Exploring cultures and communities – the slow way

Alan Sillitoe's first publications, written during the brief spell that he lived in Menton in France, were travel essays. Sillitoe died in April, having achieved a formidable reputation as a novelist. We take a look at the lesser known side of Sillitoe's writing, namely his travel prose.

article summary —

The death of Alan Sillitoe in late April 2010 robbed us of one of Europe’s great twentieth-century writers. The English poet Robert Graves once counselled Sillitoe with the terse enjoinder ‘stick to what you know’, words that surely nudged Sillitoe along the road to the literary acclaim that came with the publication of Saturday Night and Sunday Morning.

Grave’s advice may have served Sillitoe well in his early years, when the young writer was struggling to get anything published at all. Sillitoe lived in near poverty in Menton on the Riveria coast of France, and so hard up was the young writer that he often walked to Italy where groceries were cheaper.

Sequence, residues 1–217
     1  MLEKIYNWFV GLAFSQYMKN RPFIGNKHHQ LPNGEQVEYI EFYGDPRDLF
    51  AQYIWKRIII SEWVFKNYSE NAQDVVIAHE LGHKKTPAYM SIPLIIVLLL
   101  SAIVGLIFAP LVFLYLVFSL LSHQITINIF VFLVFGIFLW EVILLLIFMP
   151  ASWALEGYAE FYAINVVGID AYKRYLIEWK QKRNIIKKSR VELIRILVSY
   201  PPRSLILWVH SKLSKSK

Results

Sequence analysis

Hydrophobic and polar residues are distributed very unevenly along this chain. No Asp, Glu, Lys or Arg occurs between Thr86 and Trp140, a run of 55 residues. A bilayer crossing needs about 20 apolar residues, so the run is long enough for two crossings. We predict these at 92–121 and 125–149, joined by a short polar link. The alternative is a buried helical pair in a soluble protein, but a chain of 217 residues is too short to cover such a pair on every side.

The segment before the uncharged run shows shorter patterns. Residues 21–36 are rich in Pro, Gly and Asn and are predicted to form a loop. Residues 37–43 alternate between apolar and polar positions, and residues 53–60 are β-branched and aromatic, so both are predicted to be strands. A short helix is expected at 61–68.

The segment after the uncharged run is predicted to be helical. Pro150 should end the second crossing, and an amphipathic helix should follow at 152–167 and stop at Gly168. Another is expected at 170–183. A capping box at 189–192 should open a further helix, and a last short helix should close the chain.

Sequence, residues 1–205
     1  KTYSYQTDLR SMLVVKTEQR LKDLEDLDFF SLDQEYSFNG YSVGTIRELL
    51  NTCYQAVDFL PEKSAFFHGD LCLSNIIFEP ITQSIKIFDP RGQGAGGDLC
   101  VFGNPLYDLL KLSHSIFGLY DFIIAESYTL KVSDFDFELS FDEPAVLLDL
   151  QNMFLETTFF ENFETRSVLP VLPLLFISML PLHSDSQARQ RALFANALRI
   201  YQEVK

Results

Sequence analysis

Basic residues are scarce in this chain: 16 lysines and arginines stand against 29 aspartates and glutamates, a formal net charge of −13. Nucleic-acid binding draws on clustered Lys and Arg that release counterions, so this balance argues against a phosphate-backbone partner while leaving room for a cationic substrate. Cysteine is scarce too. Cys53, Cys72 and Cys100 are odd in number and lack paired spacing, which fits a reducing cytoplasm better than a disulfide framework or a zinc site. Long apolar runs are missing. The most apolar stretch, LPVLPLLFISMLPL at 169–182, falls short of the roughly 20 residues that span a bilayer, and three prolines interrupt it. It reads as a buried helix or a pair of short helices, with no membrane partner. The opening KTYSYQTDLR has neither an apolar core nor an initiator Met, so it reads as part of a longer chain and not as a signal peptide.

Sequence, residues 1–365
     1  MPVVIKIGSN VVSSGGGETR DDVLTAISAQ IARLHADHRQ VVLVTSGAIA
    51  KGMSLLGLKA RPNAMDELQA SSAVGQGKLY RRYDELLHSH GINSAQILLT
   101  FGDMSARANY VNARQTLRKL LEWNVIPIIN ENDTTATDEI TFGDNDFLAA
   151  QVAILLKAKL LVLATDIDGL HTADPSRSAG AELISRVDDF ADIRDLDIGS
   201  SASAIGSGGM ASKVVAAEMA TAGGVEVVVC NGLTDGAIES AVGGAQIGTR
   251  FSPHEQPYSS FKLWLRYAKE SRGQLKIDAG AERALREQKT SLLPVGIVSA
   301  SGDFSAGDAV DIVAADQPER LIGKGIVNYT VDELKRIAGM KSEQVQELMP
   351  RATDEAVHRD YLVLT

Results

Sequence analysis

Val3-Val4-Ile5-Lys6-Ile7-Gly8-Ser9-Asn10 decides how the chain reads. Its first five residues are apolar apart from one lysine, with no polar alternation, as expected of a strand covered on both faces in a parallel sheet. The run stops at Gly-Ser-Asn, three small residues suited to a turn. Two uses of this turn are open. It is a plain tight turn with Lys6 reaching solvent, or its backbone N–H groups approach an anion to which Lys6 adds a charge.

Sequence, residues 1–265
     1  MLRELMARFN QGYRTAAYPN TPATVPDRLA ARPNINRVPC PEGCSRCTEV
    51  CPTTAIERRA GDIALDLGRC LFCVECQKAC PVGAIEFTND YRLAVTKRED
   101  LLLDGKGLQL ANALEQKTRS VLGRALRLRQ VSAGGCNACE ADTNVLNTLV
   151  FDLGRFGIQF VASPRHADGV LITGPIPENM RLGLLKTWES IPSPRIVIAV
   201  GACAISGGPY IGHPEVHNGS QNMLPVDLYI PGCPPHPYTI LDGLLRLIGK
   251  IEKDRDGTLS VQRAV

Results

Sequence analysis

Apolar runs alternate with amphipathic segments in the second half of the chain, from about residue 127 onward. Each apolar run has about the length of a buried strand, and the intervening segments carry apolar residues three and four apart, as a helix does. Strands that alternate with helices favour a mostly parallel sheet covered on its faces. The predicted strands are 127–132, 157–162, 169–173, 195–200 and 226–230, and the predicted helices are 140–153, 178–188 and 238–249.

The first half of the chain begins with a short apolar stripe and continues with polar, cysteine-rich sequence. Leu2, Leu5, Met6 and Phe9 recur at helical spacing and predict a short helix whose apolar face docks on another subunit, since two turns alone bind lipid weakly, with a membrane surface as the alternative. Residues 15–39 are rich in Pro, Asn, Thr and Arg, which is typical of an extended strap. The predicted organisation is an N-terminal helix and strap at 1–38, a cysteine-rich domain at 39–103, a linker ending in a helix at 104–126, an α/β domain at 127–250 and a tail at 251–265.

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About the authors

hidden europe

and Susanne Kries manage hidden europe, a Berlin-based editorial bureau that supplies text and images to media across Europe. Together they edit hidden europe magazine. Nicky and Susanne are dedicated slow travellers. They delight in discovering the exotic in the everyday.

This article was published in hidden europe 31.